By Tianyi Wang & Andy Lim
On March 25 the UN Conference on Trade and Development (UNCTAD) released a report, “The Rise of BRICS FDI and Africa.” Published during China’s new President Xi Jinping’s first visit to Africa and before the BRICS summit, the report caught many Asia experts by surprise because it finds that Malaysia is ahead of China in the amount of foreign direct investment (FDI) in Africa.
Malaysia’s FDI flows into Africa in 2011 ranked third among the top 20 investing countries in Africa, pushing China and India to fourth and fifth. In terms of the 2011 FDI stock, China’s total of $16 billion stock falls behind Malaysia and South Africa by $3 billion and $2 billion respectively. By the end of 2011, Malaysia’s portfolio of global FDI reached $106 billion, of which $19.3 billion went to African states.
Although much of the Malaysian investment remains energy-driven, the breadth of Malaysian investment has broadened from oil, gas, and oil palm plantations to industries such as telecommunications, banking and finance, infrastructure and property development, manufacturing, power generation, and more. Malaysian oil giant Petronas is active in both upstream and downstream activities of Egypt’s oil sector. In Zimbabwe, Malaysia took over the petroleum distribution business from Royal Dutch Shell in 2008. Royal Dutch sold its stake to Engen, South Africa’s largest refined petroleum firm, and Petronas owns 80% of the company shares. Malaysia’s leading multinational conglomerate, Sime Darby, has refineries in South Africa and also owns 220,000 hectares of land for palm oil and rubber plantations development, acquired through a 63-year concession agreement signed with the Liberian government in 2009.
Although Malaysian FDI in Africa is undeniably significant in size, it is possible that the UNCTAD report does not account for the total amount of China’s investment in Africa. Ambassador David H. Shinn points out in his recent blog post that official figures of Chinese FDI into Africa tend to substantially understate the actual amount of investment, for they only represent investment reported to and by the Chinese government. Private investments by Chinese companies remain largely underreported. Combining the official figures with estimates of unreported investments, China’s FDI may still lie ahead that of Malaysia.
For years, China’s search for resource security in the African continent has received criticism. For instance, the international community condemns China because its demand for oil enables Sudan’s despotic regime to buy Chinese arms, which are then used against the rebels in Darfur. Although Chinese companies are the main investors in Sudan’s oil fields, they are followed by Malaysian multinational corporations. The Malaysian FDI thus may have also exacerbated conflicts in Sudan.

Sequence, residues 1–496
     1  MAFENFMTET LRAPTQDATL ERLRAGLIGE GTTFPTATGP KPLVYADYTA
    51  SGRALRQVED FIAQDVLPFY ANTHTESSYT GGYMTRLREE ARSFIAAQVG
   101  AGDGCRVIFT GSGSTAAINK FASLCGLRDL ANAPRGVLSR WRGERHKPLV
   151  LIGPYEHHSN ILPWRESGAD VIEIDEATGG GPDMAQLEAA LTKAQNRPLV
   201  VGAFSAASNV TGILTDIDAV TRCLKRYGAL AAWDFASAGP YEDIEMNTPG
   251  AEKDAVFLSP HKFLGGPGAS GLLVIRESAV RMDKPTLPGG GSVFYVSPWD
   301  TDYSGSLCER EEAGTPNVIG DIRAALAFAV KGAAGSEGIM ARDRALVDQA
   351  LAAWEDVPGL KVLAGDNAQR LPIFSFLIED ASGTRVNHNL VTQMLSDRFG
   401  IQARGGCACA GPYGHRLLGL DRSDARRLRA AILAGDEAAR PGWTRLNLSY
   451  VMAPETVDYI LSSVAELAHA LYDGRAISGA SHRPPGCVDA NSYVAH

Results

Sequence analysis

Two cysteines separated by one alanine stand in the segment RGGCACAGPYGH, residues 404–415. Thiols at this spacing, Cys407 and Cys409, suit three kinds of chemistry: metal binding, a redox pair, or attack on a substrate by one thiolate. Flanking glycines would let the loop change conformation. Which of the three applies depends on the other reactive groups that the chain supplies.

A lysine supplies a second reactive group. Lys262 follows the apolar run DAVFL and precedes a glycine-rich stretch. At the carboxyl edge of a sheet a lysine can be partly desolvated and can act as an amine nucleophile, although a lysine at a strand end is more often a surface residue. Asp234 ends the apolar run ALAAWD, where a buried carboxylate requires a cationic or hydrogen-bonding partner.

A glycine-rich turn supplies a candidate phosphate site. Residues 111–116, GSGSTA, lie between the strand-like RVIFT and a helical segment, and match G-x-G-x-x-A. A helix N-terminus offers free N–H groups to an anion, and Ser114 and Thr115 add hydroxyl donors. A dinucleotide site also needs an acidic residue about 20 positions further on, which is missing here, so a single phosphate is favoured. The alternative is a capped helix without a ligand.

Much like Chinese investment in Africa, Malaysian investment in Africa has fueled resentment and made a controversial impact on the region. Sime Darby’s $3.1 billion investments in Liberia initially trumpeted with greetings of a “New Liberia.” But later on the investments ran into serious trouble with their plantation project when villagers rioted against the company’s investment in December 2011. The villagers accused Sime Darby of cutting a private deal with the government without consultations and taking away their sacred lands. They complained that the promised jobs are too few and too poorly paid, and their crops are now gone.
Engen Uganda Ltd, an affiliate of Engen Petroleum Ltd (South Africa) and also 80% owned by Petronas, was charged with tax evasion worth 12 billion Uganda shillings by the Uganda Revenue Authority in January 2013. The alleged tax evasions came in the form of failures to pay withholding tax on payments made to Engen. The Uganda National Security Fund also accused the company of falling short of its social security contributions for employees. It stopped operation in June 2012 and was sold to the Kenyan oil company Addax. Eleven company employees filed a lawsuit against the South African company for unlawful termination, citing illegal employment practices such as discriminatory treatment and violation of privacy and dignity.
On the other hand, it must be recognized that Africa is in dire need of foreign direct investment, and the technology, jobs and linkages to world markets that is brings with it. In this sense, both Chinese and Malaysian investment is welcomed by many and clearly has significant positive impacts on economies and the lives of many Africans.
Whether or not China is actually ahead of Malaysia in terms of FDI in Africa, Malaysia’s surprisingly significant FDI flows to Africa are worth examining. Information on the influence of Malaysian investment in Africa remains substantially obscure. The most recent Malaysia FDI data used in the UNCTAD report were from 2011. The current literature provides little information on the influence of Malaysian investment on African laborers, the environment, or the well being of local African communities. China’s rise has put all its action under the microscope of the international community. It is time for researchers, economists, and policy makers to closely track other emerging trends of investment.
Ms. Tianyi Wang is a researcher with the Freeman Chair in China Studies and Mr. Andy Lim is a researcher with the Korea Chair at CSIS.